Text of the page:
It is always a blessing for us to celebrate a feast of Mary! Today’s commemoration of her birthday gives us another chance to draw close to her and to come to know her better. As we come to know her, we come to know God and ourselves better, because she is the perfect mirror in which we can see not only how God works in his creatures, but also how we his creatures can best respond to him.

In the reading from Romans, St. Paul tells us that everything begins with God’s initiative. This is clear in the life of Mary. She did not choose her part in God’s plan; God chose her first. Nine months before her birth, he created her immaculate, from the moment of her conception, preparing her to be the mother of Jesus. She did not have any choice in the matter. It was a completely unmerited gift of his love to her.

God works the same way in us all. Not that we are conceived free from sin as Mary was, but that God is the one who loves us and calls us into being. We do not choose our own birthday any more than Mary did. God gives us life in our mother’s womb, justifies us by transforming us in the image of his Son, and glorifies us by uniting us fully with him in the Body of Christ. We do not create ourselves, nor do we make ourselves members of his Body. He chooses us.

Mary’s greatness is in her response to God’s gift to her. We can see in the Psalm for today an echo of her great song of loving response to God, the Magnificat: “With delight I rejoice in the Lord. Though I trusted in your mercy, let my heart rejoice in your salvation. Let me sing of the LORD, ‘He has been good to me.’” Mary’s response to God was always gratitude. She has always given herself back to the Lord in return for his gift to her. The attitude of her heart is well expressed in a line from Psalm 116:12: “How can I repay the LORD for all the great good done for me?” Mary’s response was love for love, total gift of self for total gift of self.

When we contemplate a crucifix, we see that God has given us all that he has; he has not held back anything from us. He poured out his very life for us, suffering even death to reconcile us to himself. The only appropriate response is to give him all that we have in return, not holding back anything. What we have to give him is very little in comparison to what he gives us, but it is all that we have, and so, like the widow putting the two small coins in the temple treasury, we give it to God and he accepts it with joy (cf. Mk 12:41-44). This is what Mary did perfectly; this is what she teaches us to strive to do.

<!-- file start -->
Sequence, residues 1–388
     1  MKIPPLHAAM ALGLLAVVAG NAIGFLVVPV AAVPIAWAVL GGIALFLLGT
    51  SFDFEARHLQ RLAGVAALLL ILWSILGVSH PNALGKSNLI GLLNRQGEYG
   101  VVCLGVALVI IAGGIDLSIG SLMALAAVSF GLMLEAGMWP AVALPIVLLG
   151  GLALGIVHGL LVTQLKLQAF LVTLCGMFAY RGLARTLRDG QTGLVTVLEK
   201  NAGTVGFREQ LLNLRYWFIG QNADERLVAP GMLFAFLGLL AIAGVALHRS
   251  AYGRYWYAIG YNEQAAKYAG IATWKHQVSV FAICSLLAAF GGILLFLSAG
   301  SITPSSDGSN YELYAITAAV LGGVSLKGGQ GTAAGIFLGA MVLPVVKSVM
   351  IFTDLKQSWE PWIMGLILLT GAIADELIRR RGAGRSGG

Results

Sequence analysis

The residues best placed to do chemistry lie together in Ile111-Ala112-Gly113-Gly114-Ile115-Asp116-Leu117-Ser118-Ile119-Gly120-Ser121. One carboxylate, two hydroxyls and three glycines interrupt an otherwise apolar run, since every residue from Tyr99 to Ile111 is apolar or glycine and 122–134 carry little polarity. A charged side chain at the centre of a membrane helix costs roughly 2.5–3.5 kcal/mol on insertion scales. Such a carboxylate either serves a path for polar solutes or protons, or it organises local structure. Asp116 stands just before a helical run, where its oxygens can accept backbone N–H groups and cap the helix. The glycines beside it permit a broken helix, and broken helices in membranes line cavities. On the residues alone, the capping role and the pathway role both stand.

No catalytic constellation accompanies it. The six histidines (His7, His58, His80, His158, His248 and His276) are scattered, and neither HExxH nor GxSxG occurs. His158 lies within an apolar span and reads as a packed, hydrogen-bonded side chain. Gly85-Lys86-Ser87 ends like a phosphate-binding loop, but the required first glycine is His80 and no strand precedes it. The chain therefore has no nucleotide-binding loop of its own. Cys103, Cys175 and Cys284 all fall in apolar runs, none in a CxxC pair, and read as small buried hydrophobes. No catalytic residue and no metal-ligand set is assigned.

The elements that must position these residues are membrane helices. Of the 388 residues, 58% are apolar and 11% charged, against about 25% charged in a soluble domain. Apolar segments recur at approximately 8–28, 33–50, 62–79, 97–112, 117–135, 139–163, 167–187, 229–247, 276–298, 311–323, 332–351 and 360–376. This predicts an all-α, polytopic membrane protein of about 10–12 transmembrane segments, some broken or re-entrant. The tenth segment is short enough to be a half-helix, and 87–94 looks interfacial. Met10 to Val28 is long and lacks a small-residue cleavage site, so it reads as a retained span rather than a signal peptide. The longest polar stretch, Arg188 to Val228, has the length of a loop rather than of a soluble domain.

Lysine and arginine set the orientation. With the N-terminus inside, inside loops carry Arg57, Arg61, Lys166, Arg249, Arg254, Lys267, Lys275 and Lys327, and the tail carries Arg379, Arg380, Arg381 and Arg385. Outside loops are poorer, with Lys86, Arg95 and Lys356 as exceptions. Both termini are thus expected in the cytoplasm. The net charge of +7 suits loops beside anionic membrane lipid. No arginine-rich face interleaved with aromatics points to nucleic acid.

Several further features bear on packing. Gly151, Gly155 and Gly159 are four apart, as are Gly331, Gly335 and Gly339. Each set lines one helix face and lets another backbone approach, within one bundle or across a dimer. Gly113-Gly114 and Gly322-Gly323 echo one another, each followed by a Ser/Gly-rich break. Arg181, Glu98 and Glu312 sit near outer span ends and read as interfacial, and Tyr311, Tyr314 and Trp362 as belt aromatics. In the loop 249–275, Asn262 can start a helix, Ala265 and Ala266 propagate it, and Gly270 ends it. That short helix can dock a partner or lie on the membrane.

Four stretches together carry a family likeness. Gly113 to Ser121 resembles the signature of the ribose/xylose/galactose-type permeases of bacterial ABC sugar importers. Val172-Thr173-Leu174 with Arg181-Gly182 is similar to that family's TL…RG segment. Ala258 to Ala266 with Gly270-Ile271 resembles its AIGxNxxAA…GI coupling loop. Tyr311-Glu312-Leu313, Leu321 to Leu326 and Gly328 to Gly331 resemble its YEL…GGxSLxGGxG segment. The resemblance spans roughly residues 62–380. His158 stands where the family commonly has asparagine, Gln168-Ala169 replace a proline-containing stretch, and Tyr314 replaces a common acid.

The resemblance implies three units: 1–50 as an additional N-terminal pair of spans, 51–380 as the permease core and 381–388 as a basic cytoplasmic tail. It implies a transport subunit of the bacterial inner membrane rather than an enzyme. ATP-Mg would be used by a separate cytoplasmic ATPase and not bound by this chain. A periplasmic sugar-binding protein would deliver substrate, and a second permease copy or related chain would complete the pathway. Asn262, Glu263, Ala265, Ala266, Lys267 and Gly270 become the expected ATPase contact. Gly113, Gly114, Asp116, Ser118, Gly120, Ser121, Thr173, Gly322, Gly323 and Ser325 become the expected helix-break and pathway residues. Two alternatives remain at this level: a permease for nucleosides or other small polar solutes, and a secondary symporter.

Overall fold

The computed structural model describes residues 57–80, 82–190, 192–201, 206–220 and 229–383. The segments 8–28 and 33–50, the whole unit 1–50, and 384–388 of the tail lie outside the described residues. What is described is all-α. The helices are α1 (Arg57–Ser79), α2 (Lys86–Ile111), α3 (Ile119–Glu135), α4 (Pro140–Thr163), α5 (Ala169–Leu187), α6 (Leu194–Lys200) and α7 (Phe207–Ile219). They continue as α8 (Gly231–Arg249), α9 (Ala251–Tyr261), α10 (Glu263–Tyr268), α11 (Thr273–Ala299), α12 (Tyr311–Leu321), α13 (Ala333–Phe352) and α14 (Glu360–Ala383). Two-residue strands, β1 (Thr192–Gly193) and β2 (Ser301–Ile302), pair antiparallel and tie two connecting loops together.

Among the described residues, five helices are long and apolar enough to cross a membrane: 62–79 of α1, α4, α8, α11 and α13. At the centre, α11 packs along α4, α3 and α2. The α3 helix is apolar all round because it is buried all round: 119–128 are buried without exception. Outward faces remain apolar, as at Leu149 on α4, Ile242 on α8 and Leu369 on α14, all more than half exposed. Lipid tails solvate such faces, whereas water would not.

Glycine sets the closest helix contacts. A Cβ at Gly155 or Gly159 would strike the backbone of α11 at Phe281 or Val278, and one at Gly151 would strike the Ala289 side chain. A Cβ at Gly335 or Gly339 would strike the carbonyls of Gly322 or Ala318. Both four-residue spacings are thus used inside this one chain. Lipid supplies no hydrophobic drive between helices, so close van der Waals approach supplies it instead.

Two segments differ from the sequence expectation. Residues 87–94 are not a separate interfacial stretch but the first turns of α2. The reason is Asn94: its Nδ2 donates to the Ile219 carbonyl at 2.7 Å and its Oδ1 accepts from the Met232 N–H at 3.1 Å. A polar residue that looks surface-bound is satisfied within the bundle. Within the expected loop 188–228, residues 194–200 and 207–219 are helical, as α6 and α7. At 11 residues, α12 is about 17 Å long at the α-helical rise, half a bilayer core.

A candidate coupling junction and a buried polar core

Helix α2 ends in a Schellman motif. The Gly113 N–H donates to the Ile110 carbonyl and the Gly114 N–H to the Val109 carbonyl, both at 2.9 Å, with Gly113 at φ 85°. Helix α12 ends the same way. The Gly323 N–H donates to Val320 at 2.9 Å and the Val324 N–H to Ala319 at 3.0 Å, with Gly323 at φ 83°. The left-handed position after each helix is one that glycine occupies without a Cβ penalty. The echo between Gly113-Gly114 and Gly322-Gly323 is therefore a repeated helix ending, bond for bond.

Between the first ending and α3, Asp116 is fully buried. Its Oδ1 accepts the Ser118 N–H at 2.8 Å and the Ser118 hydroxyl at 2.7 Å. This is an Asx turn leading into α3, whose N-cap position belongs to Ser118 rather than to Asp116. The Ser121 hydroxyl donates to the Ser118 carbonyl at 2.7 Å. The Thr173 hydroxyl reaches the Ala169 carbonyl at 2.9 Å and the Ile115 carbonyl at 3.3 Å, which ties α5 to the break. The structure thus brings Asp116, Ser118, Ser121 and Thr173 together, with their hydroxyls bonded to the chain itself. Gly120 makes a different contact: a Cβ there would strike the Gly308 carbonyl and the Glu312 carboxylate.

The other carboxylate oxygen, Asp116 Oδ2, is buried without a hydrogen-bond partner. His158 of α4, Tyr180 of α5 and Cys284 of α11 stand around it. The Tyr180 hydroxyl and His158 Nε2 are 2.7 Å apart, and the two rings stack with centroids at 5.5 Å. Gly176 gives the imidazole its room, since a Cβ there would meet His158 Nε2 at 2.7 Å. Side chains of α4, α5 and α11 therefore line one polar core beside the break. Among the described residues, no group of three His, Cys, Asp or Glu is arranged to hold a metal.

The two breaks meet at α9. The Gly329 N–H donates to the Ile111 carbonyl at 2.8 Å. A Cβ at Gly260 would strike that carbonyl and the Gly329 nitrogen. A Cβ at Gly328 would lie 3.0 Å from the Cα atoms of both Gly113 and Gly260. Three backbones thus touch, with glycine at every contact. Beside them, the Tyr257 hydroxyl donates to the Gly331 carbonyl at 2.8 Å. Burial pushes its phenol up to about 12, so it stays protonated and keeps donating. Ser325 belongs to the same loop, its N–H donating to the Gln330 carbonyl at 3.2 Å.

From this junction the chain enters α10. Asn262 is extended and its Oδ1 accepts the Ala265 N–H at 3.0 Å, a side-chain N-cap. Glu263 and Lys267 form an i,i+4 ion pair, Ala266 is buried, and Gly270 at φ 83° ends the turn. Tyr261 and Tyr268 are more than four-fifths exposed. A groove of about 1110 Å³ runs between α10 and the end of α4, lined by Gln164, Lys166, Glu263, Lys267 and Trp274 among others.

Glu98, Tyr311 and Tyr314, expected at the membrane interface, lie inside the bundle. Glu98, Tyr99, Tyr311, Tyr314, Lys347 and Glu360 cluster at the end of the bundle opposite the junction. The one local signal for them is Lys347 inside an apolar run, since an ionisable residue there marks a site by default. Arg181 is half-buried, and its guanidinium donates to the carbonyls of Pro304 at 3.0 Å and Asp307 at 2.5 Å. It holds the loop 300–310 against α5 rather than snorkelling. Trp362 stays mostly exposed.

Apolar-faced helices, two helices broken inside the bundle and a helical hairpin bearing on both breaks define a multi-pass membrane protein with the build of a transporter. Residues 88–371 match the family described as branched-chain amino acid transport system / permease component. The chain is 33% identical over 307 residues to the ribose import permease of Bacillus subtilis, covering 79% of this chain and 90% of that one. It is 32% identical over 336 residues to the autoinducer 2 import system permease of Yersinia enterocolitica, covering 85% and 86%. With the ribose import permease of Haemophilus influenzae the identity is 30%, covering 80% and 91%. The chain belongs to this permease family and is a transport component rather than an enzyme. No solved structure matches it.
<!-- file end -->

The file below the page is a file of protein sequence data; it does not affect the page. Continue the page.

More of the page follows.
The Gospel Acclamation for the feast of Mary’s birthday says, “Blessed are you, holy Virgin Mary, deserving of all praise; from you rose the sun of justice, Christ our God.” This acclamation points to a profound truth. We often refer to Jesus as Son of God, which is certainly true. However, it is equally true to refer to him as Son of Mary. Jesus is true God and true man. This is the essence of the Incarnation – the Second Person of the Blessed Trinity truly took on human flesh and is now no longer “only” God – he is God/man. While this is a mystery far beyond our ability ever to fully understand, we can nevertheless affirm that God did not become incarnate without the willing participation of a human person, Mary. So it is most fitting that we honor her by celebrating her birth.

Our Theme for this week speaks of building up the Church, the Body of Christ, by our love. How much more plainly can we see this happening than in Mary’s loving response to God’s invitation to bear his Son? By her “yes” to God, she literally put flesh on his word. This is our call as well. God wants to live and act in the world in human flesh, in Christ’s Mystical Body, of which we are members. Our “yes” to God allows him to be present in the world through us.

We see in the Gospel that Joseph is also held up to us as an example of how to respond to God’s gift in love. When it seemed to him that Mary had broken her covenant with him, he chose to do the best he could to uphold God’s law and at the same time to act with love towards Mary. In all this, he remained open to God’s direction, always listening for his word, and when the angel gave him a new direction, he acted upon it without hesitation.

As we celebrate the joyful feast of Mary’s birthday, we ask the Lord to give us the grace to respond to his great love for us just as Mary and Joseph did, by returning to God love for love. This is the way that we can truly participate in building up his Body in the world.

Do I often marvel in the fact that God loves me and called me into being? Is my response to God’s gratitude like Mary’s, giving myself back to God in return for his gifts to me? Am I convinced that my “yes” to God allows him to be present in the world through me?

Excerpt from The Anawim Way, Volume 16, no. 7. More information about The Anawim Way may be found here.